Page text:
The château is open from February 11 to November 5 this year. There’s also a fashion exhibition, called Telle mère, telle fille (Like mother, like daughter), which rather intriguingly explores the way in which parents control their children’s choice of clothing.

Château de Chantilly, Oise
Henri d’Orléans (1822–1897), son of Louis-Philippe, the last king of France, was a passionate collector, ensuring the Château de Chantilly became a stunning showcase for his countless masterpieces and precious manuscripts. In 1886 he gifted the château to the Institut de France and nowadays this fabulous site – just 40km north of Paris – includes the Condé Museum and is open to the public every day except for Tuesdays. Tickets cost €9 for the grounds alone, and €17 for the château and grounds combined.

Château de Villandry, Indre-et-Loire
Above all else, the Château de Villandry is famed for its gardens, a meticulous network of tidy box hedges, fragrant herbs and vibrant flowers. Smartly planted, they offer a multi-coloured feast, whatever the time of year, thanks to their seasonal plants and vegetables: in autumn, you can soak up the hues of orange, red and purple, while in high summer you’ll experience dazzling greens and hot pinks. The interior is also a sight for sore eyes, with gorgeous Renaissance décor and rooms laid out in splendid 16th century-style. The gardens are open every day of the year, even Christmas Day, while the château itself is open from February 4 to November 12, and December 2 to January 7.

Château de Villandry © Jean-Christophe Coutand

Château de Hautefort, Dordogne
The interior of this neoclassical château in the Périgord is impressive enough. The exterior, though, will take your breath away. First up is the three-hectare French garden, with its parterres, consisting of geometrical boxwood hedges, bright flowerbeds and yew topiary. Beyond this are the organic vegetable garden and a 30-hectare English-style park with a network of woodland paths and some remarkable tree species. The château is open every day from April to November.

Château de Chenonceau, Indre-et-Loire
Looking like it’s almost floating above the River Cher, this château, with its stylised moat, turrets, towers and drawbridge, is a veritable beauty. However, it’s the 70 hectares of landscaped gardens and lush forest rather than the tourist-heavy interiors that are most interesting. On either side of the river you can visit the gardens of Diane de Poitiers, Catherine de’ Medici, the Jardin Vert, the yew maze, or the vast flower garden.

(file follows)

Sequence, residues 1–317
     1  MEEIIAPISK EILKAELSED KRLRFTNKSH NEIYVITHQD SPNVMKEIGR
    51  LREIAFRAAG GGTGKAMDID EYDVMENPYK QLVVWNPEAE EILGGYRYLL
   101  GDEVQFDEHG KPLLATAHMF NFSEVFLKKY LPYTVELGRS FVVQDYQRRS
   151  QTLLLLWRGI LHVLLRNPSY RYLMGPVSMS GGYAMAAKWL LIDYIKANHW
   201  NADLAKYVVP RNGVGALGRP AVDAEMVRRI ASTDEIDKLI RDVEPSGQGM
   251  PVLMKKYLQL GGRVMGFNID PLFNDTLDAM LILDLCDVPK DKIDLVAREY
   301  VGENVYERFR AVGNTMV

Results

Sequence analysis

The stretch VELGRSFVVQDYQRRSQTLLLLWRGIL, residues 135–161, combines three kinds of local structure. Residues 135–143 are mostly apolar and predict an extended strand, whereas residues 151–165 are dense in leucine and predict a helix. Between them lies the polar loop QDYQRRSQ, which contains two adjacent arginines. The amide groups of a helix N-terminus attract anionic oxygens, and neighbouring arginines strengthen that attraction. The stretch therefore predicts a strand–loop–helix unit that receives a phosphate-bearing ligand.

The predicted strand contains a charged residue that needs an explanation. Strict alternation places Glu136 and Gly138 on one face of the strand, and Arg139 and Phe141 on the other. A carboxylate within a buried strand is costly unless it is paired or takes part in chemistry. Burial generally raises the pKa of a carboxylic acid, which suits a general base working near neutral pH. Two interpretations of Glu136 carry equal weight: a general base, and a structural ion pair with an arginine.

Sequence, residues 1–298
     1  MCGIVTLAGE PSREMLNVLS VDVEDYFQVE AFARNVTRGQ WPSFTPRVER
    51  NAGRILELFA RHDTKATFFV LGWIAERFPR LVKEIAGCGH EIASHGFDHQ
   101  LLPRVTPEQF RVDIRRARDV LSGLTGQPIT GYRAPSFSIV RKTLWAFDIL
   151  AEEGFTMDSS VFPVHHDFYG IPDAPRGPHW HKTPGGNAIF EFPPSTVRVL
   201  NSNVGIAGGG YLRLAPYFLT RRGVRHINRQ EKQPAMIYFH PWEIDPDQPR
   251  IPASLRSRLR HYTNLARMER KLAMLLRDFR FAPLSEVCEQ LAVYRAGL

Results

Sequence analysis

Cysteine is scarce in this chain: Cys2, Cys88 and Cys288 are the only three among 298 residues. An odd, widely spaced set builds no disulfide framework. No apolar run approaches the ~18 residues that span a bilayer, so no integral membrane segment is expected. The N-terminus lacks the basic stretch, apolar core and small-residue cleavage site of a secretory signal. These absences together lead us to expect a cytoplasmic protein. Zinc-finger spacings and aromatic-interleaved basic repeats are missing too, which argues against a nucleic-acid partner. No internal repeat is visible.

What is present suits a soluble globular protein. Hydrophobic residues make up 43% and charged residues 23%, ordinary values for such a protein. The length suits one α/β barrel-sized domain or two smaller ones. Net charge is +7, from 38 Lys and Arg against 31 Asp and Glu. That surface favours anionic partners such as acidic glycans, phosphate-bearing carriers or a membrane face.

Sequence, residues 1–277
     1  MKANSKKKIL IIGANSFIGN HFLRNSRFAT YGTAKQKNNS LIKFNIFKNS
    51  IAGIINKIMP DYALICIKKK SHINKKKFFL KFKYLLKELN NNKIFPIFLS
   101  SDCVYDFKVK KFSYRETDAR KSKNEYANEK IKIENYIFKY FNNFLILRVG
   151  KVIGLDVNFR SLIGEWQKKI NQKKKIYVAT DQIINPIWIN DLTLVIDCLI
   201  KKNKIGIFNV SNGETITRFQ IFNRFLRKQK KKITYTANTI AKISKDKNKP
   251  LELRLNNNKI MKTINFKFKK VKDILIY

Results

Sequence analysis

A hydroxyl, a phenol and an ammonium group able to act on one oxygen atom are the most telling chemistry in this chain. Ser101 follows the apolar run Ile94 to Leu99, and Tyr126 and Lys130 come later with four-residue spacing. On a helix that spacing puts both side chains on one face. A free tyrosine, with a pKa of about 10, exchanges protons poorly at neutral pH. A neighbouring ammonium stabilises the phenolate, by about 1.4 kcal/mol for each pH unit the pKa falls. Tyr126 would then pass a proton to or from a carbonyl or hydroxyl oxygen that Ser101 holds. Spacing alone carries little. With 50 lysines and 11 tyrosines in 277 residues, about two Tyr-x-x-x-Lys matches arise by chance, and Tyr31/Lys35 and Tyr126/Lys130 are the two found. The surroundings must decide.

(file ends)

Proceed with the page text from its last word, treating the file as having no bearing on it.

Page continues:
Both the château and the gardens are open every day of the year (even Christmas) which, as everyone knows, is a rarity in France.

Château de Versailles, Yvelines
Undoubtedly the most famous château in France (possibly even on the planet), Versailles served as the political capital and seat of the royal court from 1682 until revolutionaries dragged off Louis XVI and Marie Antoinette to face the guillotine. To avoid getting overwhelmed by a sea of other tourists, head for the wonderful 800-hectare Parc de Versailles where you can enjoy vast, manicured, formal gardens populated by endless statues and water features, the English-style Jardins du Petit Trianon, the Orangery, the Grand Canal where rowing boats are available to hire, and the Lake of the Swiss Guard. Without a doubt, you will be amazed.

Château de Chenonceau © Paul Rivas

Maison du Berneuilh, Gironde
This 80-hectare family estate is just half an hour south of Bordeaux within the Entre-deux-Mers vineyard region. “The wines from these sunny plateaus have always been sought after for their exceptional quality,” say the owners. “It is one of the rare cellars to have so many vintages.” The family prefers to “vinify in the old way”, allowing the lees to rest for at least five years. Also available are lovely local walks, workshops, tastings (of course) and cellar visits.

Vignobles Jade, Gironde
Right among the vineyards of Saint-Émilion, Château Fleur de Lisse is a family estate where the owner, Caroline Teycheney, offers tastings, workshops and other events at her Vignobles Jade. The tours range from a basic wine tasting lasting 45 minutes (for €7 per person) to the Jade Experience, which includes a two-hour visit to the vineyard, cellars and ageing room (for €50 per person). There’s also an excellent wine bar.

Lead photo credit : Château d'Ussé © Renaud Whoisreno Loeuillet

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  •  Pat
    2023-06-22 06:57:44
    Great list! Would be convenient to have them plotted on one map so as to allow planning for visits to those close to each other. Thanks for listening.